General Mills

As the resident VSB Big Sean apologist, even I have to admit when some people’s third favorite rapper caught an L. Big Sean and Jhene Aiko’s joint album Twenty88 — which is undeniably hot, check it out — (Editor's note: No) got overshadowed by possibly the greatest marketing triumph in recorded history, Watch The Stove. Hamburger Helper, yes, some people’s third favorite brand of boxed noodles and sauce dropped a five song mixtape on April’s Fools Day. This is not a joke or a prank. The tape is absolute fire. It so fire, I scalded my tongue was scalded listening to the beefy, cheesy goodness.

Now, this could have easily been tone deaf thinkpiece fodder, but, they played it straight. Remember when Busta Rhymes let us know that he loves money and regrowing your dreads post-40 is a bad idea? This is not the swagger wagon. Watch The Stove has taken postmodern meme rap beyond Lil’ B and Riff Raff. They know the know the form and they execute. Even the album art is deliciously tongue in cheek. At first glance, it’s an obvious play on Watch The Throne and the speculative Future x Drake art with dripping paint covering the iconic Helper Glove instead of the OVO owl. However, if you pay attention, you realize the background is crumpled aluminum foil. That’s right, the mixtape is a to-go plate. There’s levels to the shit.

The music itself touches on a number of styles. “Feed the Streets” is an unadulterated banger. A Young Thug understudy drops the gem, “Hold up I told you, I’m serving that stroganoff (BEEF), Hot out the oven, it’s like molten lava.” If you would’ve told me Thug actually ghostwrote this I wouldn’t be surprised. It’s obviously not good, per se, but its earnestness leaves you incredulously satisfied. Then, the tape moves into that new wave Nyquil PM R&B with “In Love With The Glove,” which may be about getting it in or possibly be a backhanded safe sex PSA. The following two tracks “Food for Your Soul” and “Crazy” are definitely the low lights. The former had to be unearthed from the Nappy Roots vault of lukewarm positivity and the latter tried to be a showcase for #barz but it seemed like the interns got tired of staying late to work on it. Luckily, the album ends on another trap classic, “Hamburger Helper.” A 60 percent success rate is more than satisfactory for a mixtape. Plus, even if all of the songs didn’t work, Hamburger Helper clearly displayed that he’s a student of the game.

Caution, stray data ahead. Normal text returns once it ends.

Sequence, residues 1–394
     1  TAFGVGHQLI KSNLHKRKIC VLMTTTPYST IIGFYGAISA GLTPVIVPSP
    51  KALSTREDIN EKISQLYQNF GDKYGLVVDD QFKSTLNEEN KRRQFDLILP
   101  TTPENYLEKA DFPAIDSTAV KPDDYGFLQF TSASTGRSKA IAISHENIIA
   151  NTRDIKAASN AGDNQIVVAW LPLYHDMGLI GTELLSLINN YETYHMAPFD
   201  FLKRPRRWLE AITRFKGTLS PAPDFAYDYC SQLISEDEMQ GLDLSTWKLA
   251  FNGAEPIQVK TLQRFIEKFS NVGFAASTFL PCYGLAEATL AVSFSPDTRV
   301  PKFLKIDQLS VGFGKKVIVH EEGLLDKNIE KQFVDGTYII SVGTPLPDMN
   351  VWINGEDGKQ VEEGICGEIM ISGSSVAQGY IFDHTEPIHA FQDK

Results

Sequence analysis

There are a number of people I’d like thank for this even being a thing at all. First, and foremost all of the rappers who have “cooked,” counted “cheese,” and had “beef” over the years. Without them a moment like this couldn’t be possible. Also, much deserved praise to the unknown progenitor of the term “We eatin." For he truly laid the groundwork for this great work of art. Secondly, I have to thank all the good people at Hamburger Helper. The executive that approved this who ignored every fiber in his body that this was a dumbass idea. The Marketing Coordinator who was so bored at work that he got bold and listened to Future at his desk. Instead of saying “my bad” when he accidentally pulled out his headphones and blared “Inside the Mattress” throughout the office, he doubled down and claimed it was a new project. Last but certainly not least, I have to acknowledge, Illwyn, the McNally-Smith College of Music student that actually had to spend an entire semester of his life putting this together.

This is a transcendent moment in marketing history. As the Golden State Warriors close in on the 95-96 Bulls, I can’t help but to see parallels between Hamburger Helper and the marketing champions of yesteryear. Watch the Stove deserves its banner raised alongside “Wazzup!”, The Most Interesting Man In The World, and that time Oprah got people to forget the KFC is trash by giving away baked chicken coupons. Hamburger Helper broke the mold by fitting into it. If Desiigner and Bryson Tiller can ape established hip hop styles and blow up, why can’t Hamburger Helper do the same and make dinner easy for the mom on the go?